To me, those adjustable stems are not great and mostly should be used to discover which fixed stem you need. So I'd be inclided to force the adjustable stem a bit more.

  • thanks, yes..was messing with the wrong bolt -:( Schwinn also mentioned that to me after seeing my pics and video...I haev updated my question also earlier today......youtube.com/watch?v=rvKs2ytBmp0&feature=youtu.be – Naresh MG Sep 1 '15 at 1:36
  • may I ask what that other screw (the one I was messing up with for no reason) , is meant for ? Thank You ! – Naresh MG Sep 1 '15 at 16:07
  • It's the axle that the adjustable part pivots around. – Móż Sep 1 '15 at 21:35
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If you find that it can't be fixed, then try to go with a solid stem that's already at the correct angle. I had an adjustable one before and after adjusting it, I could never get it to be tightened properly and it would always wobble.

A bike co-op or bike dump is a good place to look for parts like this as solid stems don't usually wear out and many of them are salvaged from old bikes that may no longer be usable.

Now that I think of it, I'm pretty sure the nut was rounded off similar to yours after many tries to remove the wobble. The adjustable ones are usually low quality because they are heavier than solid stems, and people who buy more expensive bikes don't mind spending a few extra dollars to get a good fit.

3

I would guess these take a metric Allen wrench, a.k.a. L-wrench, so if you used an English-sized one you can bork the hex, making it difficult to turn. The sticker in your second photo references M5, M6, etc., which are common abbreviations for metric hex-headed screws. Even if you carelessly use the correct metric wrench, you can still make a mess.

I would also guess it may not be easy to find a replacement for this hex-head screw very easily, because of the application. Assuming that is true, I'd suggest that you consider looking for a bicycle store or bicycle co-op in your area that might be able to help. At a store you'll have to pay, and at the co-op, you should pay, but at the very least they should be able to help without making the problem worse. In other words, you might have just one chance to salvage the existing left-hand screw, and someone with more experience working on bicycles would certainly have a higher probability of success than you would, using advice you got from an Internet site.

If you insist on working on it yourself, you can try cutting a slot in the left-hand screw with a Dremel or equivalent, which would permit a large flat-bladed screwdriver to get a purchase, but it probably won't end up looking very nice. Normally I wouldn't deploy that method on a screw I was planning to use again, but you may not care. Alternatively, on Youtube you can find methods for removal which are basically guaranteed to destroy the screw, meaning you would need a new one, but these methods are basically tried and true.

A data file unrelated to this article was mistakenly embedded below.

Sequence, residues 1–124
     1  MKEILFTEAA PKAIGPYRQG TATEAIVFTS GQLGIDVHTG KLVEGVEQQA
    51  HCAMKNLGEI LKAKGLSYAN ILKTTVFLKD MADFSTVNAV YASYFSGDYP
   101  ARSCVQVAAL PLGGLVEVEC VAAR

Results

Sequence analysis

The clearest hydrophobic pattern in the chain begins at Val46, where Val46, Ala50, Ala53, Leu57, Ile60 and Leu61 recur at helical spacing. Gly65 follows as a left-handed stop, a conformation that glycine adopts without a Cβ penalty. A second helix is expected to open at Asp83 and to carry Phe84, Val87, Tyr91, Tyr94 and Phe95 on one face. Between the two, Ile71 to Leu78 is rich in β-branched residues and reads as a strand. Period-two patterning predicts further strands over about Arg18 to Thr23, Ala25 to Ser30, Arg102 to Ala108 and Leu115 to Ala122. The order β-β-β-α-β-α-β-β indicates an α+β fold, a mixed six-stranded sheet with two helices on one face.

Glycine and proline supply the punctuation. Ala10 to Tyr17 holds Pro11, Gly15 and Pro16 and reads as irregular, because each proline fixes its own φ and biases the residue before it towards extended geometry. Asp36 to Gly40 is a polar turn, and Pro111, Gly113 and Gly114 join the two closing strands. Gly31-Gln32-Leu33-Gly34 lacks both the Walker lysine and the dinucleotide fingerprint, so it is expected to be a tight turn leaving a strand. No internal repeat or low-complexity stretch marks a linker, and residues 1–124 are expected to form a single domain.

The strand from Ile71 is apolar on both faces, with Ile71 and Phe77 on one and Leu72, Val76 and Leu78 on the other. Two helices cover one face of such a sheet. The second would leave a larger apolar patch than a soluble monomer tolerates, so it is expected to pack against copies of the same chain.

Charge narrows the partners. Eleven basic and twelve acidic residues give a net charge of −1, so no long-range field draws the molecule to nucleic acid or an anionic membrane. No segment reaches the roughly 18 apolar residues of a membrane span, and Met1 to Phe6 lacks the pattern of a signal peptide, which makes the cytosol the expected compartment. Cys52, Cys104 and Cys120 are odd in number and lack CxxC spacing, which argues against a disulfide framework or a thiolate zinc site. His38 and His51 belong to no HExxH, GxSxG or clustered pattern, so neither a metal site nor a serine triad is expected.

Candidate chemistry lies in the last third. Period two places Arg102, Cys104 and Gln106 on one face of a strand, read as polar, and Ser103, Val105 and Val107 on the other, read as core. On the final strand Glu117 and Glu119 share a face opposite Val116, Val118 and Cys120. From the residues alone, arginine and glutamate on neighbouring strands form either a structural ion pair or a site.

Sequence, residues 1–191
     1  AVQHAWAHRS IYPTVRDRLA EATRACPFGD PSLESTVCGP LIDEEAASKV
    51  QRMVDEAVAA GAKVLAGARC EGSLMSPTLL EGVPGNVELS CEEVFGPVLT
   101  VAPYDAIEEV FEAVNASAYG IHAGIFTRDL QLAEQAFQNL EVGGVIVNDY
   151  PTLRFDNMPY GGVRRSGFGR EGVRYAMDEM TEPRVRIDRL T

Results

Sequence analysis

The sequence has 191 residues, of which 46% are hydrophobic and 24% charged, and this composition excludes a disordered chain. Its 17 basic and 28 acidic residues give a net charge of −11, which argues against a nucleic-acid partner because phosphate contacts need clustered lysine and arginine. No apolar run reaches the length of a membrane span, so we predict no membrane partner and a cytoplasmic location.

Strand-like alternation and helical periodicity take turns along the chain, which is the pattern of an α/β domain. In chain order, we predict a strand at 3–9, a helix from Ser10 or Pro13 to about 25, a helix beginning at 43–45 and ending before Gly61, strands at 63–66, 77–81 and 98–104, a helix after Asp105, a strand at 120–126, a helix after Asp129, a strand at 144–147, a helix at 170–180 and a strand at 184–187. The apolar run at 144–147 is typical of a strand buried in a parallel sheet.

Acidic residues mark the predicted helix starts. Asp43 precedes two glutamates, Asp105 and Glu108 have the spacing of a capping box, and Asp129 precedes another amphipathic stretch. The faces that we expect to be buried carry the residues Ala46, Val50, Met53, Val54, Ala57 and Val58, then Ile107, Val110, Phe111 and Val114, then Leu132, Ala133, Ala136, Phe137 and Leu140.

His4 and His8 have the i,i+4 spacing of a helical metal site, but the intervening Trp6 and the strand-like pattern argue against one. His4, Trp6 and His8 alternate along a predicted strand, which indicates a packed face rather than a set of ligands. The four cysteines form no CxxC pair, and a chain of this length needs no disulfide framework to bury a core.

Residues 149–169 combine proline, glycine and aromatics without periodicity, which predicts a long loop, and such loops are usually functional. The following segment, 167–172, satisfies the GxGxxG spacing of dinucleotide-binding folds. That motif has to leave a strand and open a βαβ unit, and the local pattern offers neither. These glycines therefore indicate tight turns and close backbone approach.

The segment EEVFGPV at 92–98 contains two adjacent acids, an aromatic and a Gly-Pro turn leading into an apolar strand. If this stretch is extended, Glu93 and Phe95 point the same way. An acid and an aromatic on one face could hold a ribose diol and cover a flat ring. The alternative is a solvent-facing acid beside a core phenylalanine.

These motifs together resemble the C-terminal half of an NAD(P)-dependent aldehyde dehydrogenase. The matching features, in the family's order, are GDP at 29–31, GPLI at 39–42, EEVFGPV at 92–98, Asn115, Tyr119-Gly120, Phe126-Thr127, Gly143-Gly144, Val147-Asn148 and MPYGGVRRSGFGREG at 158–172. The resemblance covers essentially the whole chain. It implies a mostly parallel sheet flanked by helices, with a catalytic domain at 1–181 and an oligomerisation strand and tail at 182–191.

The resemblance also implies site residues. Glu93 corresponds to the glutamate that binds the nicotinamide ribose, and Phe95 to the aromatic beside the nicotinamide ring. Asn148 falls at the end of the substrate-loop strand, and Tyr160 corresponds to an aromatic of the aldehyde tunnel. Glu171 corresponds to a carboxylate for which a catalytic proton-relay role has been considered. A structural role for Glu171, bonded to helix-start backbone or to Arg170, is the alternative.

Very best of luck...

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It is likely that what you've got is a hex (Allen) head nut & bolt, similar to this seat post binder bolt. Allen (hex) head nut/bolt set for seatpost. If you are lucky you may be able to work it free by loosening the undamaged side. To do that you will need to find way to keep the other side from moving. This could be easy or a real pain.

First off, try to get some lubricant to the threads. Work from the undamaged side, as friction on the damaged side is your friend. You may have the best luck trickling some down between the fixed and moving halves of the stem (rather than around the fasteners).

Then try some of these techniques:

  • Loosen the undamaged fastener (it could work, no sense in not trying the easy one first).
  • Tap gently.
  • Hold the damaged side with anything you can get to hold in it a bit – the right sized wrench is an obvious thing to try, also try the next largest Imperial sized wrench, or a Torx, or a Robertson (square) driver – anything you've get lying around that might fit is worth trying.
  • Even if the tool you're using on the damaged side won't hold the fastener against turning pressure may help since it will increase the friction against the stem.
  • Experiment with gradual and sudden application of torque on the good side.
  • If you have access to a grinder, taper down a slightly oversized hex driver just a bit (you want the nose to fit in and then start to bite) keeping the edges as sharp as you can, support the stem and drive it in with a hammer.
  • If you have access to a reversible drill or a milling machine a left hand mill will apply torque in the correct direction as it tries to cut into the damaged fastener. In a comment @Criggle mentions an Ez-Out, I've never used one in such a shallow hole, but they would also be worth trying.
  • That last one is sometime achievable with an easy-out / "EZOut" and variations. Thats a left-hand threadded bit that looks like a dwarf tap. – Criggie Aug 30 '15 at 7:01